• Provision of accurate and timely information to schemes – including policies for committees on levy management
  • Get clear, written instructions on any issues
  • Ensure self-care and set clear parameters. Strata managers cannot solve all problems and certainly cannot waive levies
Caretakers / letting agents
  • Exposure to COVID-19 in completion of their day-to-day caretaking functions
  • Likely complete loss of business in short stay rental schemes with challenges in paying their employees / contractors
  • Dealing with distressed long stay tenants
  • Worries about payment of caretaking remuneration
  • In short stay buildings, work on business improvement strategies for when ‘normal’ returns
  • In long stay complexes, negotiate (on instructions) and document tenancy changes via this RTA form
  • Assist the committee in communications with all occupiers
  • Get clear, written instructions on any issues


Regardless of which of the above categories you fall into, here’s what we think are the key issues:

  • Communication: start discussions early. Get the issues on the table and start a dialogue. Show respect and compassion, particularly respect for privacy. Keep appropriate notes. Explain why things are happening to those affected.


  • Seek qualified advice: from government, legal practitioners, accountants, brokers and whomever you need to – just make sure they are qualified to provide the information you need to make good decisions.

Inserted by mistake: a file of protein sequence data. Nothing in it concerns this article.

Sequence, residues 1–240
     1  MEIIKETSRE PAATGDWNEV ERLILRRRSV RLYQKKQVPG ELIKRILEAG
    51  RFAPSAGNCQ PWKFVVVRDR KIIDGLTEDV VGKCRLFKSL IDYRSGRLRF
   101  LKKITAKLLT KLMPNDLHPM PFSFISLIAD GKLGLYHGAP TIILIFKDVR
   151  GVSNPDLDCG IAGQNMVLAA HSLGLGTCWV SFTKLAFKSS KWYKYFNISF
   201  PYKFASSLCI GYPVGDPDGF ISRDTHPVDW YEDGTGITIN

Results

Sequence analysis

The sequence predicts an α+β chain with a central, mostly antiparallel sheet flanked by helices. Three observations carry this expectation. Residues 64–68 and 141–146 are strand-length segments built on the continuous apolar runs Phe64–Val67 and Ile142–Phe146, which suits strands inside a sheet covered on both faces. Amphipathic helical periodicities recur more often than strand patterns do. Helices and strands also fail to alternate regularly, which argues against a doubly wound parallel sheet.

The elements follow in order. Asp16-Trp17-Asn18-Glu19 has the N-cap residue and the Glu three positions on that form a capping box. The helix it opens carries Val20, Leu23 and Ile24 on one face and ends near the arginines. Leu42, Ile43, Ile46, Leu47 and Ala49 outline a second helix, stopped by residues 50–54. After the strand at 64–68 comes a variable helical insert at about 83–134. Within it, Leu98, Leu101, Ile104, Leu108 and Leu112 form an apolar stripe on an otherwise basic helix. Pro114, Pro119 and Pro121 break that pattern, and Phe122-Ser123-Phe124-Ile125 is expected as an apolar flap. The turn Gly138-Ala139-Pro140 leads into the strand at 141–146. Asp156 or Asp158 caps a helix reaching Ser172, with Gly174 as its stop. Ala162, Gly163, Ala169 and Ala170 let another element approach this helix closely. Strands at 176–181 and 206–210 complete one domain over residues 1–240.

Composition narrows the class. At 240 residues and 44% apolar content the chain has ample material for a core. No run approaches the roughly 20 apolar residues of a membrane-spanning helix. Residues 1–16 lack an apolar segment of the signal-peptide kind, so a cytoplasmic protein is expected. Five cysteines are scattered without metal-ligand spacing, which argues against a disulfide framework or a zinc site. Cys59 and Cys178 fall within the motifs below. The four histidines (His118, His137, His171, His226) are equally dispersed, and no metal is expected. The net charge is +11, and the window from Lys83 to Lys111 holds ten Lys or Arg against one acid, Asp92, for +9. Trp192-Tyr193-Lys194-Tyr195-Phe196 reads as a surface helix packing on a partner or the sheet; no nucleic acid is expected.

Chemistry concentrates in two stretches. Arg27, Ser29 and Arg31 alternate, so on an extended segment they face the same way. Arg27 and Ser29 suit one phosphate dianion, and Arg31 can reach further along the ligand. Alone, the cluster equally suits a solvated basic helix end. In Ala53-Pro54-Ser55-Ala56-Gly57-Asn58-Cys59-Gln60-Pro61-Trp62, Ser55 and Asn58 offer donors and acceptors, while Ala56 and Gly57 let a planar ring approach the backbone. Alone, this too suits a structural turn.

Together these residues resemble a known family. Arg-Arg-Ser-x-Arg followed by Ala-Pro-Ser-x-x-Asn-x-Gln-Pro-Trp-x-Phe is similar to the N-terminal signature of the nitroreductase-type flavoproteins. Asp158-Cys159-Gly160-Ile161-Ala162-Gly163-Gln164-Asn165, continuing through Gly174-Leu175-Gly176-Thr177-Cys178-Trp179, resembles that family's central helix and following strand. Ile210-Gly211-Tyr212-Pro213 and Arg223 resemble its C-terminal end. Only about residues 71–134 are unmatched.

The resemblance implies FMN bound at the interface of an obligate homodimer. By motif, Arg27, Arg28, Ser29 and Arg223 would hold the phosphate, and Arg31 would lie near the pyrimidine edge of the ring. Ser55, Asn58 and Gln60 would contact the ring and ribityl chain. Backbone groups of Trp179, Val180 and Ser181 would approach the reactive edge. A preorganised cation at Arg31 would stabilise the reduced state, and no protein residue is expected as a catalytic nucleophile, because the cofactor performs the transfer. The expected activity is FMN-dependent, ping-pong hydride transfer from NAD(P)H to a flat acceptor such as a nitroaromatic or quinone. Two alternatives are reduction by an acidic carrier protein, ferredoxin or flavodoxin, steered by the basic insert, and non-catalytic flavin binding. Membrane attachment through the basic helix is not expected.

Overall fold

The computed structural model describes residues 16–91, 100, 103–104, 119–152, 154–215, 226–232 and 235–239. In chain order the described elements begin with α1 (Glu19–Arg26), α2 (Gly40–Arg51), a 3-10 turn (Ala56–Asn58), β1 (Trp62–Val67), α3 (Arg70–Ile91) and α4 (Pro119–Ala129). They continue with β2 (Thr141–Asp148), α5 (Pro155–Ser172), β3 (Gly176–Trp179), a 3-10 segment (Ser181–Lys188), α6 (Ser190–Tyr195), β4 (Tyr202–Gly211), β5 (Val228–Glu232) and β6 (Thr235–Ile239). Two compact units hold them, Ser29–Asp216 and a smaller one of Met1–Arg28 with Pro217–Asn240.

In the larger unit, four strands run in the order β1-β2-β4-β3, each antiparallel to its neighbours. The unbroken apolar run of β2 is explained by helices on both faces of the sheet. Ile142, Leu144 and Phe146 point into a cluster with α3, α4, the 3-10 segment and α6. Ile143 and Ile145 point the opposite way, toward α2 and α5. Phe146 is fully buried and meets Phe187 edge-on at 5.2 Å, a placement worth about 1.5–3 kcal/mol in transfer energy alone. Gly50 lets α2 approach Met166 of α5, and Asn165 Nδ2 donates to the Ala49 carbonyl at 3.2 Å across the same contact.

• Act within your boundaries: know your role and what you can and can’t do. Be clear in communicating that and confirm your understanding with other parties you deal with.


  • Be reasonable: in Queensland, bodies corporate must act reasonably. This varies according to each situation but can mean things such as not adopting a blanket policy without considering the specifics, or not simply refusing a request without good reasons for doing so.


  • Take action: at some point you will have to take action. Don’t be afraid of decision-making, especially if that is your contracted or legislated obligation. If you need to initiate proceedings, do so knowing you have exhausted other options to resolve the situation


  • Be flexible: These challenges are unprecedented and ever changing. Retain the ability to adapt as things evolve.


  • Find the silver lining: What could you do now that would otherwise be disruptive? We are talking to some body corporate clients about accelerating building works in short stay schemes to take advantage of the lack of guests.


If you would like further advice on owners corporation management matters, Frank or Chris can be contacted by email at or  or by telephone  (07) 3193 0500 Hynes Legal 


Or if you’re getting the guidance you’re after, find out more about what we do at Strata Management Consultants


The contents of this article or website are only intended to provide a general overview of the topics discussed. The author of this article makes no representations as to the accuracy or completeness of any information and the information is not intended to constitute investment, legal or professional advice. You should seek professional advice before acting or relying on any of the content. This article does not contain references to any specific company, organisation or individual, unless expressly specified.